Ann Miller Woodford is many things, but one thing she’s admittedly not is “a data person.” Instead of making sense of the world through statistics, the Andrews-based artist, author and activist takes creative approaches and shares them through paintings, books, public speaking and other actions that focus on racial justice and equity.
This commitment dovetails nicely with her involvement in the multiyear Heart of Health: Race, Place and Faith in Western North Carolina project, which approaches those topics from a social science standpoint. Together, Woodford and colleagues created Black in Black on Black: Making the Invisible Visible, an exhibit that pairs area artists’ work with the research team’s findings, resulting in a stunning, well-rounded experience that grants greater meaning to each component.
The collaborative project opened Sept. 6 in the John Cram Partner Gallery at the Center for Craft and will be on display through the first week of January. The selected artwork and the study’s key findings are viewable online and will soon be joined by a virtual tour by Saturday, Nov. 6, in time for UNC Asheville’s African Americans in Western North Carolina and Southern Appalachia conference.
More than a statistic
In 2019, Ameena Batada, UNCA professor of health and wellness; JéWana Grier-McEachin, executive director of the Asheville Buncombe Institute of Parity Achievement; and Jill Fromewick, a research scientist at the Mountain Area Health Education Center, were awarded a three-year, $350,000 Interdisciplinary Research Leaders fellowship from the Robert Wood Johnson Foundation.
Together, they set out to explore rural African Americans’ perceptions of racism and health, and investigate the association between racism and health outcomes. Helping steer their research was a community advisory board composed of 10 individuals, mostly African American, from across Western North Carolina, representing a variety of professional expertise and experience.
According to Batada, the study has three main components. The team conducted a secondary data analysis, in which they worked with a statistician to understand mortality in the region and across North Carolina, as well as the difference between rural and urban populations, particularly African American. They also did historical and archival research, consulting U.S. census data beginning in the late 1700s to gauge the percentage of WNC’s African American population over time, as well as government data regarding social determinants of health, utilization of health care and related matters for that particular community.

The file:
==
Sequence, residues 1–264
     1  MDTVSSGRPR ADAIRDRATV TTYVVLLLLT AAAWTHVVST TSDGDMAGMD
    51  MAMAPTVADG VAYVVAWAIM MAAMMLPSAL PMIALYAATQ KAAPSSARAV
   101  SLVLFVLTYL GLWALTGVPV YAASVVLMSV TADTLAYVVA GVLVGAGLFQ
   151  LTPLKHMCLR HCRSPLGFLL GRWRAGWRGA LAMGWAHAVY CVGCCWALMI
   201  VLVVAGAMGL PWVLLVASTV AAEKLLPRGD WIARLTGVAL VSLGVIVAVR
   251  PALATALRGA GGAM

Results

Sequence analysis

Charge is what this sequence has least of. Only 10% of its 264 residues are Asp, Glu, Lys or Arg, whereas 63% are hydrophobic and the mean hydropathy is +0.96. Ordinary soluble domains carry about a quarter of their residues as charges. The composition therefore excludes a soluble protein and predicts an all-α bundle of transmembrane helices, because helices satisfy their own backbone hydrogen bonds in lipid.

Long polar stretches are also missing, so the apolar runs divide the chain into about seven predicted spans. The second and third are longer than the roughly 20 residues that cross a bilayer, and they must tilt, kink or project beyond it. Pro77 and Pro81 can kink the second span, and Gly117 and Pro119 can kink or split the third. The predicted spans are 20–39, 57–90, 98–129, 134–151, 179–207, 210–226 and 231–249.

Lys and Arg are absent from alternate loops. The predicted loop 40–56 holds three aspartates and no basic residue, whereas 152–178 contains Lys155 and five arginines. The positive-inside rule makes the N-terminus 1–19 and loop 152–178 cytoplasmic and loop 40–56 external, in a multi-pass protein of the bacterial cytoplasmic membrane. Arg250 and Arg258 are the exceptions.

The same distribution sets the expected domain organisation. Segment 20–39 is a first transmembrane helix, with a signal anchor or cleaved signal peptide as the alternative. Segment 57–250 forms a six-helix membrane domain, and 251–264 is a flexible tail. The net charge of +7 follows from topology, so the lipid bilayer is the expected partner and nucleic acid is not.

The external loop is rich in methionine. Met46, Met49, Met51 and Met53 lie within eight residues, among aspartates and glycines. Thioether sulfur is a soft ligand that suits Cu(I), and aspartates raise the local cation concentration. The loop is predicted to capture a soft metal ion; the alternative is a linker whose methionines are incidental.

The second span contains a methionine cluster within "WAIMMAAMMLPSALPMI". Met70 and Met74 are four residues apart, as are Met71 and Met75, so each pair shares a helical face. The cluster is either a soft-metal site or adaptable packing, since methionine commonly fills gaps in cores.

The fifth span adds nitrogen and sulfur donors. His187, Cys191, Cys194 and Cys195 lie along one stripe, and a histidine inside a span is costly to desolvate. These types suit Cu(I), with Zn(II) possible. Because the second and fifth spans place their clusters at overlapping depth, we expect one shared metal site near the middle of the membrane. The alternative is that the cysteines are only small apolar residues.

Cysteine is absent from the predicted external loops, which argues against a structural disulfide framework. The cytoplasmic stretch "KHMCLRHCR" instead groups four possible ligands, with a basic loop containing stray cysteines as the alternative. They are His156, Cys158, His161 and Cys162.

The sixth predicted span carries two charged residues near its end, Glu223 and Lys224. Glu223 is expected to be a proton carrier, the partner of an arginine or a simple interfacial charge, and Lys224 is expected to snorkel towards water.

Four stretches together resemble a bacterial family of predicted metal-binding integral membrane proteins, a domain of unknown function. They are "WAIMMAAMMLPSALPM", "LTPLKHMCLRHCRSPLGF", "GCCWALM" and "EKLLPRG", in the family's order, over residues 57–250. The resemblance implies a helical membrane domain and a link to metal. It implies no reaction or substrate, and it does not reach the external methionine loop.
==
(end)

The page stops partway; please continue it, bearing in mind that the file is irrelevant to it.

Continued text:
“And then the last part of it was interviews that we did and oral history coding,” Batada says, referring to the way people answer questions rather than what they say. “We tried to complement the quantitative data with qualitative data and use story data to help bring more richness to those numbers. Nobody wants to be simply a stat, so that was really important to us.”
Woodford, author of When All God’s Children Get Together: A Celebration of the Lives and Music of African American People in Far Western North Carolina, is among the advisory board members.
“They reached out to me because they wanted to find out what I know about the African American people and the disparities in health and disparities all over that we have in this region,” Woodford says. “They consider me a mentor to the group, and I go out and talk with people and try to bring back the information.”
Through the project, Woodford was reminded that people of all skin colors in the far western part of the state are notoriously private and don’t like to speak about their health. “It’s difficult to help them if they won’t talk, but we’ll continue to try,” she says. “After the project is finished at end of the year, we’ll continue to keep doing as much research as we can.”